As we enter into the fourth calendar year of the great global hybrid working experiment that began with the pandemic in 2020, here are some of the things bouncing around my head about how we are currently and going to be working:

In-person isn’t better or worse, just different. But we need to optimise for it.

It actually now takes a much greater amount of effort to get people together, face-to-face in the physical world. Our diaries have been “optimised” around Teams or Zoom meetings, and the peripheries around things like childcare.

So if we are going to go to the effort of bringing people together, we need to put the effort into assuring the time is well spent. Don’t expect people to just carry on as they would on any other day. Build space into diaries to allow for the presumably much-missed serendipity of offices.

Many don’t work at desks. For a while, they felt equal. How are they feeling now?

During the lockdowns with everyone expelled from offices, one notable thing for organisations whose staff aren’t all tied to desks was that an acknowledgement that not everyone was in the office allowed them to feel more included than possibly ever before.

But has that sense of equity been sustained? In some cases those “not in the office” staff are now feeling even more excluded than ever as flexibility now seen by the desk staff isn’t being extended to them.

Training new staff is not a reason for everyone to be in the office. We need to change our methods of induction.

In the days before COVID new joiners obviously learned about their new employer through osmosis if all the calls for people to be in the office to be inducted are anything to go by.

The issue with this is it implies that everyone needs to be back in the office. We need to look much more cleverly at induction processes that are effective for our new patterns of working.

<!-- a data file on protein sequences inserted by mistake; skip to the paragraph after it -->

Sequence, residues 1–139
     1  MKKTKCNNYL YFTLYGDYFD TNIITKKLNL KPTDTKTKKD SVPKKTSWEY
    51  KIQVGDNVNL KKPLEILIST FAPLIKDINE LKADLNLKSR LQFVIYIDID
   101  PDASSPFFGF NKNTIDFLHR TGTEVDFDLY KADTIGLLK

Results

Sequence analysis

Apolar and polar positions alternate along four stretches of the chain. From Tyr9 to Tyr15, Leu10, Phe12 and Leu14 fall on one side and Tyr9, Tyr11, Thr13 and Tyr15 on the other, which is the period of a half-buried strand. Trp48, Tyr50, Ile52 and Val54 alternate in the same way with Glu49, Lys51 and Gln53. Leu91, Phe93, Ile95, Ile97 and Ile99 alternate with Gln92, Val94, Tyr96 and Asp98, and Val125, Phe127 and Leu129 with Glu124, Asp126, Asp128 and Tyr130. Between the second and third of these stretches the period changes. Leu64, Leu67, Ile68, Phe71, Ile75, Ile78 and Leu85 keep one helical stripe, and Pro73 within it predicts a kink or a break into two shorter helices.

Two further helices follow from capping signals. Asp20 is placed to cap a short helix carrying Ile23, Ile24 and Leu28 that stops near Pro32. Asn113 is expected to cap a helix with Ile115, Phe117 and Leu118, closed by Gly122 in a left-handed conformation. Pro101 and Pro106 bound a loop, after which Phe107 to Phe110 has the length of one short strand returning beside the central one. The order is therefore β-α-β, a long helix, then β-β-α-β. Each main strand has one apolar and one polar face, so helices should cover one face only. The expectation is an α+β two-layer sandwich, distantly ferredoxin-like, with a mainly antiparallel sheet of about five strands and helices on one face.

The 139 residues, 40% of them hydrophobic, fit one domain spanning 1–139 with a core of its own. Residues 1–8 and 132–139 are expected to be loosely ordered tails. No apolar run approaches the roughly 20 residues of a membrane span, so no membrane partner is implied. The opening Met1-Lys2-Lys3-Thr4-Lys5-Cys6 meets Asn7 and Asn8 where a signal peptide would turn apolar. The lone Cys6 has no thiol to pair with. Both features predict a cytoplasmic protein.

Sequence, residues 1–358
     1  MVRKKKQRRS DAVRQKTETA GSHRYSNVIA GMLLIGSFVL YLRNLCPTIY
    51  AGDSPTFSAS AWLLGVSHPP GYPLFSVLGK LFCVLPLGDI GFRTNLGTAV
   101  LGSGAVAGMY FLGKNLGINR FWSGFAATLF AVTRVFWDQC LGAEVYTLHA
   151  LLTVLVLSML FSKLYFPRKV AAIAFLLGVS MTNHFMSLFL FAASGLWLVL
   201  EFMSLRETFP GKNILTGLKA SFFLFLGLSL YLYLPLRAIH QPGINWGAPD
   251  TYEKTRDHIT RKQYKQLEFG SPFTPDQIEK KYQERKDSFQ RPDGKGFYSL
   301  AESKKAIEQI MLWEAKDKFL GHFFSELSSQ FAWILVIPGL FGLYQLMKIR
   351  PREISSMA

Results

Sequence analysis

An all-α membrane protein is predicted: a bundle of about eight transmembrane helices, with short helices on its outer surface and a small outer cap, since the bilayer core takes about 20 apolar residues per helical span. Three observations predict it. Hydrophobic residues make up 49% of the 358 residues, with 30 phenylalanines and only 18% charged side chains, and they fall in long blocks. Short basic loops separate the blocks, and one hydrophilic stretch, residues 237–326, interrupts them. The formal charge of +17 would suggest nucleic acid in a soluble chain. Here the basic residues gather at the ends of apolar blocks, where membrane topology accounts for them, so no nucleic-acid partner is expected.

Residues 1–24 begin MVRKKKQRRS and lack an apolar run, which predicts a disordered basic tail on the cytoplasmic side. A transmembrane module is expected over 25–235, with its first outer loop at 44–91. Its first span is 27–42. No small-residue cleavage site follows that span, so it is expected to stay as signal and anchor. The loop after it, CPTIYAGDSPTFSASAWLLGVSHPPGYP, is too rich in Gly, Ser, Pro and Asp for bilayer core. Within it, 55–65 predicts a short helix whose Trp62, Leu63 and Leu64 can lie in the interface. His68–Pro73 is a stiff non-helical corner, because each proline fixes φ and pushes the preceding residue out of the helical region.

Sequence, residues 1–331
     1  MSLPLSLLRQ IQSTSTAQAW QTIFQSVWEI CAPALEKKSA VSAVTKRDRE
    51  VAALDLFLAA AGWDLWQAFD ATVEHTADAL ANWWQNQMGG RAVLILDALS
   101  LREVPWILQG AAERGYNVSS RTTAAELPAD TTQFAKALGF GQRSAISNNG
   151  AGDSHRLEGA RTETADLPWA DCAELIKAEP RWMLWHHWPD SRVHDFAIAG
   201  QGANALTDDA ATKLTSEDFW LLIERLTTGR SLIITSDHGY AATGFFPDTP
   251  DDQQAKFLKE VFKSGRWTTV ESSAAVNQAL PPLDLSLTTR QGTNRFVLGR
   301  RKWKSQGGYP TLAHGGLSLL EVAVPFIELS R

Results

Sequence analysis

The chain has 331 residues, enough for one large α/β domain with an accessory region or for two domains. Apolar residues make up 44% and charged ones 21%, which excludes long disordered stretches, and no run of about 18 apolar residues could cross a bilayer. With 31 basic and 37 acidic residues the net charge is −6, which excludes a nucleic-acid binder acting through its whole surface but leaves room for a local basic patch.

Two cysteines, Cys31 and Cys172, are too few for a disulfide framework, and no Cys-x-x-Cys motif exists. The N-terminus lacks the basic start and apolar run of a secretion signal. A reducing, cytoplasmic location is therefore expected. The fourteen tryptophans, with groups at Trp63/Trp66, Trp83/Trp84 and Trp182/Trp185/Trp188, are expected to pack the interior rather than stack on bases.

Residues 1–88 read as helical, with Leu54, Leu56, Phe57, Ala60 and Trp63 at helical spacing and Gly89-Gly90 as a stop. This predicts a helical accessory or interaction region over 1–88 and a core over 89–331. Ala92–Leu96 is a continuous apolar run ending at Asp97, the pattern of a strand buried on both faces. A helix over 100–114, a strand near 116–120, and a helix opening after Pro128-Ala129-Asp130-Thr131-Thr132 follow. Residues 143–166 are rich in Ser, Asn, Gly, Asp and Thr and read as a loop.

If you are a client service organisation, stop waiting for your clients to return to the office.

If our working practices are still geared around being in person with our clients, we need to reassess our working practices. If our business development depends on building relationships being in-person in the workplace, we need to reassess how we build relationships.

This doesn’t mean everything moves online. But we need to rethink in-person as the opportunities will be fewer and further between.

The value of meetings wasn’t the meetings. Let’s find new ways of doing those other things.

Meetings were another osmosis tactic in the days before COVID. The liminal spaces between them were where all the interesting, valuable stuff happened. And those spaces are stripped out by Zoom and Teams.

We need to get imaginative about how we find new liminal spaces. It’s one of the drivers behind my #100Coffees experiment in 2023.

Open-plan offices with rows of desks are no longer fit for purpose.

Sitting next to people in different meetings is bad. Sitting next to them in the same meeting with a badly timed soundtrack through our noise-cancelling headphones is horrific. I don’t know what replaces rows of desks in open plan offices, but they are seriously unfit for purpose.

We can’t be absolute about the benefits of being in the office, so don’t be absolutist about when people should be there.

I’ve yet to see any clear calculation about why being in an office is better for organisations or their people. But just because you can’t measure something doesn’t mean it doesn’t exist.

However, in a situation where you can’t be absolute about something, using absolutist decrees to determine that people should be in the office x days each week really rankles. We need to give people trust to work out what works best through their own experiences, experiments and observations.

If an organisation doesn’t trust its employees to make sensible decisions about locations for work, hybrid working is probably highlighting its problems rather than being the problem.

Seriously, trust is everything. Any organisation or individual loudly trumpeting about how they want everyone back in the offices is massively signalling trust issues.

There are no right answers. So experiment and iterate. Organisations take time to find and embed new ways of working.

A significant shift in work takes ages. The pandemic accelerated things, but we are still in the foothills (but the bridge we came over has been burned). We need to continue to give people time and space to work things out.

3 thoughts on “Year 4 of the great hybrid experiment

  1. It’s a bit like conferences. Rarely are conference talks as valuable as the conversations outside the conference halls around coffee and water. The same liminality and serendipity that happens around meetings.

Leave a Reply

Fill in your details below or click an icon to log in:

WordPress.com Logo

You are commenting using your WordPress.com account. Log Out /  Change )

Twitter picture

You are commenting using your Twitter account. Log Out /  Change )

Facebook photo

You are commenting using your Facebook account. Log Out /  Change )

Connecting to %s

This site uses Akismet to reduce spam. Learn how your comment data is processed.